In 2016, the trucking industry saw several major news stories play out on a near daily basis. Major updates to emissions regulations, the end of Cat Truck, and, of course, the presidential election all caught the attention of our readers in a big way this year.
Here are the most-read news stories of 2016:
Caterpillar Inc. will discontinue production of its Cat Truck on-highway vocational trucks, blaming "the current business climate in the truck industry" for its withdrawal from the market.
Starting in January of 2021, under the new greenhouse gas regulations, glider kits will be allowed mostly for their original purpose, which was reclaiming late-model powertrains from wrecked trucks.
Caterpillar has reached a settlement in a class action lawsuit over allegedly defective ACERT EPA 2007-compliant engines, with owners of these engines eligible to receive $500 to $10,000 per engine.
EPA and NHTSA have again indicated they intend to regulate truck trailers and glider kits under their Phase 2 proposal for limiting the GHG emissions and fuel consumption of on-highway trucks.
Volvo Trucks North America’s SuperTruck demonstration rig combined advanced aerodynamics, vehicle and powertrain technologies to achieve a freight efficiency improvement of 88%, averaging 12 mpg in road tests.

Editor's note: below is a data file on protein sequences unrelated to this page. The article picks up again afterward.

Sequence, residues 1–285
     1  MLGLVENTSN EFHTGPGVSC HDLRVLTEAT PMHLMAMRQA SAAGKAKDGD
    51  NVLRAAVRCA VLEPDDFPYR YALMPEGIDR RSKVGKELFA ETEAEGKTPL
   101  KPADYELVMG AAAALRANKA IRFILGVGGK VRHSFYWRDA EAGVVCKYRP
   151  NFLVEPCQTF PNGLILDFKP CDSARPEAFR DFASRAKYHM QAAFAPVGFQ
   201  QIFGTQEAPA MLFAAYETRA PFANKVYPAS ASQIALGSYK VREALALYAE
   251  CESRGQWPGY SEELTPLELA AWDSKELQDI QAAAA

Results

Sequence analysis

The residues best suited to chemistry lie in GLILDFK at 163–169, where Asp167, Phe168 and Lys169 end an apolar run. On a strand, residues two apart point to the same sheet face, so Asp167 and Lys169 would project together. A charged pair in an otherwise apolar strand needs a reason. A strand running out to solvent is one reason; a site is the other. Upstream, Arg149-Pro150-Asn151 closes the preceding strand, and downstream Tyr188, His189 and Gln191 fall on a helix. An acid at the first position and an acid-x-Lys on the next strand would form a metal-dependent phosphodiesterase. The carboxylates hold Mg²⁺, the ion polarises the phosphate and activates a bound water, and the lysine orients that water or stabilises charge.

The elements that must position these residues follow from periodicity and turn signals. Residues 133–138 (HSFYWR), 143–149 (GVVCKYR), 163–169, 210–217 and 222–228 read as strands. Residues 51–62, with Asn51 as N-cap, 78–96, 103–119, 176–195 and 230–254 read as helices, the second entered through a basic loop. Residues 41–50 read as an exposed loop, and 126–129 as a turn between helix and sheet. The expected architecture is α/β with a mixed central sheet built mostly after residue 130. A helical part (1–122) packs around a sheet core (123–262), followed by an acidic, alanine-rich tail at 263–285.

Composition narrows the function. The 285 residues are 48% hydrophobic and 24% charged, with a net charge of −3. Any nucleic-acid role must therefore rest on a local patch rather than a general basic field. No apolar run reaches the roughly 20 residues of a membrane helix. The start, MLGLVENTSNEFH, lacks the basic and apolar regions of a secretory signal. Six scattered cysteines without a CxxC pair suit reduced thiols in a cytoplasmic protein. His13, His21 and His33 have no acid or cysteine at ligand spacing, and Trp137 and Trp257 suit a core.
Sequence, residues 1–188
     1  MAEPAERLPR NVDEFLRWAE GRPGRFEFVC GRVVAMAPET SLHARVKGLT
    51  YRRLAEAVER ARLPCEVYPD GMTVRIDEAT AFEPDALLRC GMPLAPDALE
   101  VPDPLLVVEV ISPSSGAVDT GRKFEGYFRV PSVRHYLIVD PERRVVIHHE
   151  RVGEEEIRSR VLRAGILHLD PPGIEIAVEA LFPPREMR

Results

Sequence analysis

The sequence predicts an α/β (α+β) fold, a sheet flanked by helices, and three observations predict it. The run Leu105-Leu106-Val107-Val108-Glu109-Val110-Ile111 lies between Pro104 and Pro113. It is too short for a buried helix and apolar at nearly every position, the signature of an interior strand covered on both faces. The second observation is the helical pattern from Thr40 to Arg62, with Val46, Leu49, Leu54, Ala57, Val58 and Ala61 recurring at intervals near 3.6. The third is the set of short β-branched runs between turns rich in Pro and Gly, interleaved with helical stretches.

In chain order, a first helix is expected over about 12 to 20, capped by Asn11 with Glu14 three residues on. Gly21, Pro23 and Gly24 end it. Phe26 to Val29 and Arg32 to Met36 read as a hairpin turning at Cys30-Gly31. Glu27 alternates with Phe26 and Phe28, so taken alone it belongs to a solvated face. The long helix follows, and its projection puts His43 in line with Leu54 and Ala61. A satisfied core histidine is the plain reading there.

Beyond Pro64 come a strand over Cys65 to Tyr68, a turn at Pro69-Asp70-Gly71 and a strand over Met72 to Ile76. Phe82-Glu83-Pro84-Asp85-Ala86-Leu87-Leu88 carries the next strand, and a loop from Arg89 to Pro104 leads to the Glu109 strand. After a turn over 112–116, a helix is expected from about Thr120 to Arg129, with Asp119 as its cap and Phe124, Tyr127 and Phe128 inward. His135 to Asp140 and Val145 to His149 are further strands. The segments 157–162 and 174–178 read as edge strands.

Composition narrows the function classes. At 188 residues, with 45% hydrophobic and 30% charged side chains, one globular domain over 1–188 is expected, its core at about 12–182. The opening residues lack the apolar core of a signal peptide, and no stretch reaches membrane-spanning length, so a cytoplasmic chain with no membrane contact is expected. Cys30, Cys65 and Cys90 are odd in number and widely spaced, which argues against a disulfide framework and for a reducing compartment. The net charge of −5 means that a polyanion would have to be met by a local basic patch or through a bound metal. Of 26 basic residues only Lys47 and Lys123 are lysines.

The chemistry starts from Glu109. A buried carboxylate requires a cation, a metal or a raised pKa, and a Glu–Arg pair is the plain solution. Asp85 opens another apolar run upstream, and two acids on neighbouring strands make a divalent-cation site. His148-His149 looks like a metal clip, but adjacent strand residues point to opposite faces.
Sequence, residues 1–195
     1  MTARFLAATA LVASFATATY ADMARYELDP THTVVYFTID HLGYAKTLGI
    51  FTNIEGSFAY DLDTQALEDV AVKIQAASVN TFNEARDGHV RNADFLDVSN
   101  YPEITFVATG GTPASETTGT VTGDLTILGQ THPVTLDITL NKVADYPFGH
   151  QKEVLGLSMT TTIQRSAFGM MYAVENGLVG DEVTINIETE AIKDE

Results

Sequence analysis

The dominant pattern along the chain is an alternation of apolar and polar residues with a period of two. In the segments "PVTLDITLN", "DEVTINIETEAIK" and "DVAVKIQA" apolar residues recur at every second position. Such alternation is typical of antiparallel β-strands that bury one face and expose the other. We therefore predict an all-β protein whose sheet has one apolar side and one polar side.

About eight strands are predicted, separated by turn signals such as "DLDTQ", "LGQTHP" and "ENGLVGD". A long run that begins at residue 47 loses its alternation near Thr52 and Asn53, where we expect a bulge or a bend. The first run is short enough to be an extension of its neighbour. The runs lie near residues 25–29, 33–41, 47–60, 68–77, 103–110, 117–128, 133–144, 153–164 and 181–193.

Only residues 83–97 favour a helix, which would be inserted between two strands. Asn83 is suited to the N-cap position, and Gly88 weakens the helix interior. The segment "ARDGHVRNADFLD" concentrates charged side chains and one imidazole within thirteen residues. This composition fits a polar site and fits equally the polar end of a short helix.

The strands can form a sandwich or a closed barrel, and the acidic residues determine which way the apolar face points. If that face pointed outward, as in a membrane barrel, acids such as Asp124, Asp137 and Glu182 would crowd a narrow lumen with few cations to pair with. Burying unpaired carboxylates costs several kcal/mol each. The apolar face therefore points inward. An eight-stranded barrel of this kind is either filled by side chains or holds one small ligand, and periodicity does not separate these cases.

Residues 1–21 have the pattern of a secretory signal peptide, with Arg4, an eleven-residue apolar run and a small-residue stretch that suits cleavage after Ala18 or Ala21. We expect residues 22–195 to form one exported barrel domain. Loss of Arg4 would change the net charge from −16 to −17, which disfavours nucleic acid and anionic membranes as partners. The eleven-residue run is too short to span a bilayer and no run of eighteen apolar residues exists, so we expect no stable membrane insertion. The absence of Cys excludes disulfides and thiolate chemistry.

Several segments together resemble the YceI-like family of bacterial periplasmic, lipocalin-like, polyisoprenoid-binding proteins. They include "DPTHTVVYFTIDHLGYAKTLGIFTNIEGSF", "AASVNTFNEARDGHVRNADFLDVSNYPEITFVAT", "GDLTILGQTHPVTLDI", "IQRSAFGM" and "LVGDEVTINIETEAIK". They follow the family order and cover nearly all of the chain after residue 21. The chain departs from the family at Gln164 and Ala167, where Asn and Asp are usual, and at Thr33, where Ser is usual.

No stranger to the Executive Branch, Chao served as secretary of labor throughout President George W. Bush’s two terms and as deputy secretary of transportation under President George H.W. Bush.
If enthusiasm ensures success, Nikola One, the fuel cell-electric long-haul tractor unveiled Thursday night in Salt Lake City, is a sure thing. It promises low maintenance and high fuel economy, but production is still a ways away.
FCA has started delivering another 3,339 Ram ProMaster cargo vans to the U.S. Postal Service in a second order that follows a 9,113-vehicle order last year.
Federal safety regulators are proposing that heavy-duty vehicles be equipped with speed-limiting devices set to a specific maximum speed.
Special legislation that contains language to fix the legislative glitch that threatened use of a 34-hour restart as part of the hours-of-service rule for truck drivers passed the Senate late Friday night, Dec. 9.